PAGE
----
Relevance to Women: Women’s hair loss tends to be more complicated than men’s, which makes self diagnosis difficult.
Relevance to Men: Men’s hair loss tends to be easier to diagnose but an expert can advise which treatments will be most beneficial dependent on your current hair state.
What if Hair Loss is Not A Diet Or Lifestyle Problem?
If you think your hair loss is more of a hereditary problem, then supplements, diet and lifestyle changes will be of little help. There are a number of treatments on the market for hereditary hair loss or Androgenetic Alopecia (AGA). Prescription medication for AGA in men is widely used but carry a small risk of side effects. Topical treatments such as certain lotions and foams work by increasing nitric oxide in the scalp to cause Vasodilation (increased blood flow), thereby stimulating hair growth. Laser phototherapy (LPT) has recently found favour in the fight against hereditary hair loss and also increases nitric oxide. LPT’s light energy stimulates hair growth, as well as improving hair shaft quality with little risk of side effects.
Until recently laser phototherapy was expensive and time consuming with laser clinics being the only option for treatment. A number of home-use lasers are available on the market with Theradome’s 80 laser helmet coming closest to a clinic strength treatment. (www.theradomeforhairloss.co.uk
Relevance to Women: Prescription medications are not available for long- term use in Female AGA. Topical treatments and lasers can be used together or separately. However many women find laser therapy more user friendly as no product is applied to the hair. It appears to be relatively effective in post-menopausal women particularly in the absence of any other underlying factors.
Relevance to Men: It is important to be reasonable about expectations from hair loss treatments. The effective treatment of AGA in men is really determined by age and speed of thinning. A man in his 30’s or older who notices the early signs of hair thinning should see a benefit in using either topical treatment, lasers or a combination of the two. If younger and hair is rapidly disappearing, it would be wise to begin prescription medication and a combination of topical treatment, laser therapy or all three for the best chance of stopping the loss and re-growing hair. It is essential to treat early as once hair growth potential is exhausted the only option is surgery!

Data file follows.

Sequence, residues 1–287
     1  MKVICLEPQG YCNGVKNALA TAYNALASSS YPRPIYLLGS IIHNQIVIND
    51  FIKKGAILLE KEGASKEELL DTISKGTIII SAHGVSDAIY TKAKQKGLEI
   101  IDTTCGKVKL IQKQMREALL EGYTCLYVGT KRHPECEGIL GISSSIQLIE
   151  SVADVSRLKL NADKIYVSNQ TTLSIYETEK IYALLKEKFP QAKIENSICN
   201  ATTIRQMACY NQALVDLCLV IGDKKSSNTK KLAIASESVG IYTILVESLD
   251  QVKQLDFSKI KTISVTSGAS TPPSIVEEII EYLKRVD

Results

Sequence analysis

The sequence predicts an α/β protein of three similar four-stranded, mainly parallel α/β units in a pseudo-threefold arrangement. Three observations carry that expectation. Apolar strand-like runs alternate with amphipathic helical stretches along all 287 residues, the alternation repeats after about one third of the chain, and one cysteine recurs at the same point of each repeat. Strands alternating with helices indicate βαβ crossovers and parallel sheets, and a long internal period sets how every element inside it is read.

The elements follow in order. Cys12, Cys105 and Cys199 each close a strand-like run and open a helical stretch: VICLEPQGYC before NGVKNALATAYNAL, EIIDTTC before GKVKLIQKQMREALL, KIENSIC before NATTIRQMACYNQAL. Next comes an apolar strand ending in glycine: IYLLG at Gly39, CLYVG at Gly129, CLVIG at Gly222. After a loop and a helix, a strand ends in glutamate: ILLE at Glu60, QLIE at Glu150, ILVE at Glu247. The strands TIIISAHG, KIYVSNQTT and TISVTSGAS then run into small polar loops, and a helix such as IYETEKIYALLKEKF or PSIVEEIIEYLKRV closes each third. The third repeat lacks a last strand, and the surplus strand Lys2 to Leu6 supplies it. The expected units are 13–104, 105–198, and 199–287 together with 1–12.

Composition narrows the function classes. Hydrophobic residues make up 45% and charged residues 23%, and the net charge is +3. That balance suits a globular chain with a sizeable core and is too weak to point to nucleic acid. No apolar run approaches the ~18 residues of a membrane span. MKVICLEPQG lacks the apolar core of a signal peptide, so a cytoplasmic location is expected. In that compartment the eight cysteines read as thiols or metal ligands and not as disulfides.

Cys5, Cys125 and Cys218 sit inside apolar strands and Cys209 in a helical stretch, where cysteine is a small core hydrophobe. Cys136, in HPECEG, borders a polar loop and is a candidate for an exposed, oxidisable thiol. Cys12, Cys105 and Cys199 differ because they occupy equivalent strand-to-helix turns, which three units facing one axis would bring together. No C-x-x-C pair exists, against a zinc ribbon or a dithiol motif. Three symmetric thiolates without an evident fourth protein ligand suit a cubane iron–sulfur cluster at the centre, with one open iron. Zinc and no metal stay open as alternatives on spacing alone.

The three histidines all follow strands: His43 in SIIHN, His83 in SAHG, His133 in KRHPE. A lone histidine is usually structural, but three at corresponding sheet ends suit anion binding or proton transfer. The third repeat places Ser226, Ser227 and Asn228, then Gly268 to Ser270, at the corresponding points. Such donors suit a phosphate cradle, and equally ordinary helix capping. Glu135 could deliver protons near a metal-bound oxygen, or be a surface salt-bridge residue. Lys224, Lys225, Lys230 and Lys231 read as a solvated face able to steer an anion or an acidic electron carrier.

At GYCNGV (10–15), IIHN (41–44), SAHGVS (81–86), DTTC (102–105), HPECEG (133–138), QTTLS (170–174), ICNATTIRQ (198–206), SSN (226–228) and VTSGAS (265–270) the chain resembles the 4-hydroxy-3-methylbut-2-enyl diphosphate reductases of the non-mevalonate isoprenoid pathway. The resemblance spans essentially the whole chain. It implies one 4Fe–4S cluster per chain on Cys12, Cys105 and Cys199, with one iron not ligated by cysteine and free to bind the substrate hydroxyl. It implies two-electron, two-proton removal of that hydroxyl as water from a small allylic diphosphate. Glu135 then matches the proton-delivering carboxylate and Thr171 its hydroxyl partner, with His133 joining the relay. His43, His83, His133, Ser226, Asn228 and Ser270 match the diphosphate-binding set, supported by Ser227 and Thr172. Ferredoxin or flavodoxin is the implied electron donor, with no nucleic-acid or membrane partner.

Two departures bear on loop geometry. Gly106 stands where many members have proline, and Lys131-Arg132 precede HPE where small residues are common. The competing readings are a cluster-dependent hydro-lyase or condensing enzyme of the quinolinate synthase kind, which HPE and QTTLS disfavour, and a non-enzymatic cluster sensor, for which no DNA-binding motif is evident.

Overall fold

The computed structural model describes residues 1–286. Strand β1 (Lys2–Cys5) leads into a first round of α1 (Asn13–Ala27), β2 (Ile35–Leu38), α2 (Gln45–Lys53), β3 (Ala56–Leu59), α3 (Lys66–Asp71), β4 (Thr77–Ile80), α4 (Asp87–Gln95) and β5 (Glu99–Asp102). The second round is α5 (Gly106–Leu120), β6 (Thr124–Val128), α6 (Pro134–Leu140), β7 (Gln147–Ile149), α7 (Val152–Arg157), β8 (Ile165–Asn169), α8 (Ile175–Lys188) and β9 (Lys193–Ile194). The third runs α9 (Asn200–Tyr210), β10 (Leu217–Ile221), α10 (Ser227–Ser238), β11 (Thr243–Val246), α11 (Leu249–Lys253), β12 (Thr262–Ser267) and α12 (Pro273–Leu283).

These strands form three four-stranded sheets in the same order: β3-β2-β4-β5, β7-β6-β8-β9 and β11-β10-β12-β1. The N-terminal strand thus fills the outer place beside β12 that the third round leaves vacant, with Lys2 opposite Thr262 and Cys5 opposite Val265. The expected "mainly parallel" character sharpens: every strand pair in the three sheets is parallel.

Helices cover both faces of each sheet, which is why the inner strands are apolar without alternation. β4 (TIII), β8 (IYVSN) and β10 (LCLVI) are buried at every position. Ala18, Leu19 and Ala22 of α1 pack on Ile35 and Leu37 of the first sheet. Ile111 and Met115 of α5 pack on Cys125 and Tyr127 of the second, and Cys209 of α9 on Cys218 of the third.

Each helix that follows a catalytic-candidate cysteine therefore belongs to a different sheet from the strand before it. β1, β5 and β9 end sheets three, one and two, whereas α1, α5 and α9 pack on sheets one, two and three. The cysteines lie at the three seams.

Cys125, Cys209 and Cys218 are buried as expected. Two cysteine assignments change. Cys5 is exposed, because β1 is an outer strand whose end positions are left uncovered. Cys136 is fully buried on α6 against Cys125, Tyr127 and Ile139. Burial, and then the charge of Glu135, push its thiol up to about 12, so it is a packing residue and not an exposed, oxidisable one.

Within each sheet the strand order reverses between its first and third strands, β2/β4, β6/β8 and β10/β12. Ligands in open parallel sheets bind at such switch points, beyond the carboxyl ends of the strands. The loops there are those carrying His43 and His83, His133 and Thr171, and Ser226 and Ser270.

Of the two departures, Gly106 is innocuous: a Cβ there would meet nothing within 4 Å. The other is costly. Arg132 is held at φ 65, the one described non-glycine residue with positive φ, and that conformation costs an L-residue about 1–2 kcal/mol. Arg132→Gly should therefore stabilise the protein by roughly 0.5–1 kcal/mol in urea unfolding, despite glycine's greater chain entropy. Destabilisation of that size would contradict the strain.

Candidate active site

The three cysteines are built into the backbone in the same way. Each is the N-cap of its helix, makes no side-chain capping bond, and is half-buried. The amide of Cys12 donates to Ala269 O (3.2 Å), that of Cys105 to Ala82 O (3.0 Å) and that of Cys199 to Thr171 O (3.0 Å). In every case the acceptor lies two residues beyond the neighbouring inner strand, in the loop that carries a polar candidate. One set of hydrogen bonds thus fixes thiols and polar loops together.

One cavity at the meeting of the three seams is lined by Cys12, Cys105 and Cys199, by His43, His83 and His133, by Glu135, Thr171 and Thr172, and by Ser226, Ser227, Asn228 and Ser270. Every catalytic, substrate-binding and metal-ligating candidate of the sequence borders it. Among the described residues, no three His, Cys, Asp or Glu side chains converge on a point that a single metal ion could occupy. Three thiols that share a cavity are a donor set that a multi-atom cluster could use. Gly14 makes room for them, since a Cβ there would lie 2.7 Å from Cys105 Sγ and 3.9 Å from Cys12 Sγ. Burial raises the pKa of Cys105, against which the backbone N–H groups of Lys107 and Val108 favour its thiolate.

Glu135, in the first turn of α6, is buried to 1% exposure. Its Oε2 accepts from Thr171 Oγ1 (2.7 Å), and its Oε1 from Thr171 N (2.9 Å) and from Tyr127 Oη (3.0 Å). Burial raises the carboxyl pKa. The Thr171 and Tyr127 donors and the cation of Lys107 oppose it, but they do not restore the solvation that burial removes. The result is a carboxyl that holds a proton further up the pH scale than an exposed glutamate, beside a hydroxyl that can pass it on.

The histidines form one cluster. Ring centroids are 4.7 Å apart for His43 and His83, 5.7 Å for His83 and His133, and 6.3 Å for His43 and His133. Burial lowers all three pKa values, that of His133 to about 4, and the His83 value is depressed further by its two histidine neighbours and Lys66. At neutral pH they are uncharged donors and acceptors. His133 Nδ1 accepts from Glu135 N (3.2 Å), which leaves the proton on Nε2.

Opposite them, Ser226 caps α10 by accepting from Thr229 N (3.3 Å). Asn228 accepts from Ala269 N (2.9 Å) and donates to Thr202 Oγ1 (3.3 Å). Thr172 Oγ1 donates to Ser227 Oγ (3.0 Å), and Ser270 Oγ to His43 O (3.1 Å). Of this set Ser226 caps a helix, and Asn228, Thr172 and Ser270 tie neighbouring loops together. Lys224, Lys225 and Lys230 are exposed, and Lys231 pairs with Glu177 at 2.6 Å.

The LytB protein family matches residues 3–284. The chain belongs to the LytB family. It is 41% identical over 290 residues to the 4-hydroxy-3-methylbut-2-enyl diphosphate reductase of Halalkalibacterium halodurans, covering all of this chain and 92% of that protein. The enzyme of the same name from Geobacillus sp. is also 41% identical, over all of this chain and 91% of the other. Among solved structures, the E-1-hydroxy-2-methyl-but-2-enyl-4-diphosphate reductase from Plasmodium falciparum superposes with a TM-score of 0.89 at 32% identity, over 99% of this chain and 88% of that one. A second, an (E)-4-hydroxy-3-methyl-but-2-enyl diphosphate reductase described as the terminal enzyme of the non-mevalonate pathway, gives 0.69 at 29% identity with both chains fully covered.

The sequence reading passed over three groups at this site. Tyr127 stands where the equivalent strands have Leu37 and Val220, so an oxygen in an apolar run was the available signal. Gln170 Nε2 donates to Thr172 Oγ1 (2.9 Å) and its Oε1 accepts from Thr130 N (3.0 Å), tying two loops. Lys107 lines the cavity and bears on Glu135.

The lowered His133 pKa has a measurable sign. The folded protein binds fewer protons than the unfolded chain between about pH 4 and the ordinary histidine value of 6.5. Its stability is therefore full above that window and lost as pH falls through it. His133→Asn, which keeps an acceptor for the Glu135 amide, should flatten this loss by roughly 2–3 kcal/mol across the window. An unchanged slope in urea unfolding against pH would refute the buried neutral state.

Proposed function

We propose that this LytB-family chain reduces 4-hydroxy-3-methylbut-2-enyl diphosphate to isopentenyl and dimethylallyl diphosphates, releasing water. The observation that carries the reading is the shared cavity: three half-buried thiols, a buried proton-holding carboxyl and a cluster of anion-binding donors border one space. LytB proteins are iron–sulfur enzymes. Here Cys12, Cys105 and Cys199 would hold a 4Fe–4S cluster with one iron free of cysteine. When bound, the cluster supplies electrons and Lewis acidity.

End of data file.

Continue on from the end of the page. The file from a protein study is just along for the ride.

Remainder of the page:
About Sally-Ann Tarver
Sally-Ann Tarver is a leading Trichologist with more than 20 years experience at the cutting edge of diagnosis, treatment and advice on all aspects of hair loss and scalp problems. Sally-Ann Tarver MIT.FTTS, established The Cotswold Trichology Centre in 1998, which is one of the UK’s leading Trichology clinics for adults and children.
She originally qualified as a Trichologist from The Institute of Trichologists in 1997. After which she became a Licentiate of the Trichological Society (LTTS) in 2000 and after three years experience in a full time practice she became a full member of the Institute (MIT) in 2001. She has also practiced in Harley Street London, served as the President of The Trichological Society from 2008-2010 and awarded a Fellowship (FTTS) in 2014 for her outstanding commitment and contribution to Trichology.
Now, Sally-Ann uses her many years of experience and learning to understand the complexity of hair and scalp disease to advise her patients on Alopecia Areata, Alopecia Totalis, male baldness, female hair loss, sudden hair loss, itchy flaky scalp conditions, hair damage and condition issues. In conjunction with expert advice on hair loss and scalp problems, she also offers a wig supply and fitting service.
For more information, please visit www.cots-tri.co.uk and www.theradomeforhairloss.co.uk